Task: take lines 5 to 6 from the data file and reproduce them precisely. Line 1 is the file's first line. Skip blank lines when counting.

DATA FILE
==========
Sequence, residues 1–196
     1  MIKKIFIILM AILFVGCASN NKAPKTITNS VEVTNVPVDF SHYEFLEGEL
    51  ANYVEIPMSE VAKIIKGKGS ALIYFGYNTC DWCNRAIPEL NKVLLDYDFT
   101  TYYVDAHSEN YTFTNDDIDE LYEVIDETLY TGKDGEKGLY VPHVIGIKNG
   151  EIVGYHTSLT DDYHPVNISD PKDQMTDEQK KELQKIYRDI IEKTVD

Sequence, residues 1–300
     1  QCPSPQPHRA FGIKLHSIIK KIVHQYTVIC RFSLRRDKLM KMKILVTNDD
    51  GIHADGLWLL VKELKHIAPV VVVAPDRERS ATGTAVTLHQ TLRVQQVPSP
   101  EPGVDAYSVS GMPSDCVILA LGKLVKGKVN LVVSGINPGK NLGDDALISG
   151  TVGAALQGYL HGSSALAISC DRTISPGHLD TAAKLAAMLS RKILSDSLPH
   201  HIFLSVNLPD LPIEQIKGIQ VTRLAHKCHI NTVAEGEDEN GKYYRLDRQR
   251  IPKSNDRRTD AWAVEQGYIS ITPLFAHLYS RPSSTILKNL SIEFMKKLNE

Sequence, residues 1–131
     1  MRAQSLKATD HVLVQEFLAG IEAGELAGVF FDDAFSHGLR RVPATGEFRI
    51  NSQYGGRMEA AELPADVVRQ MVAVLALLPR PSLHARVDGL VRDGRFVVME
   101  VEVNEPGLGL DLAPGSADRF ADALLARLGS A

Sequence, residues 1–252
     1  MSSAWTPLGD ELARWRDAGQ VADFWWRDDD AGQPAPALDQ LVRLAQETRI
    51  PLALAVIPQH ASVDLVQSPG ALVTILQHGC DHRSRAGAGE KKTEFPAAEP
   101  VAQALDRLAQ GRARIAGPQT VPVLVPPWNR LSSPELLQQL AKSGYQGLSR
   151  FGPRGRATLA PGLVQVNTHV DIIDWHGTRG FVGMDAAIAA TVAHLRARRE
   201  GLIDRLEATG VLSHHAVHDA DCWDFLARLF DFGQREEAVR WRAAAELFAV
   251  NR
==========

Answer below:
   151  EIVGYHTSLT DDYHPVNISD PKDQMTDEQK KELQKIYRDI IEKTVD

Sequence, residues 1–300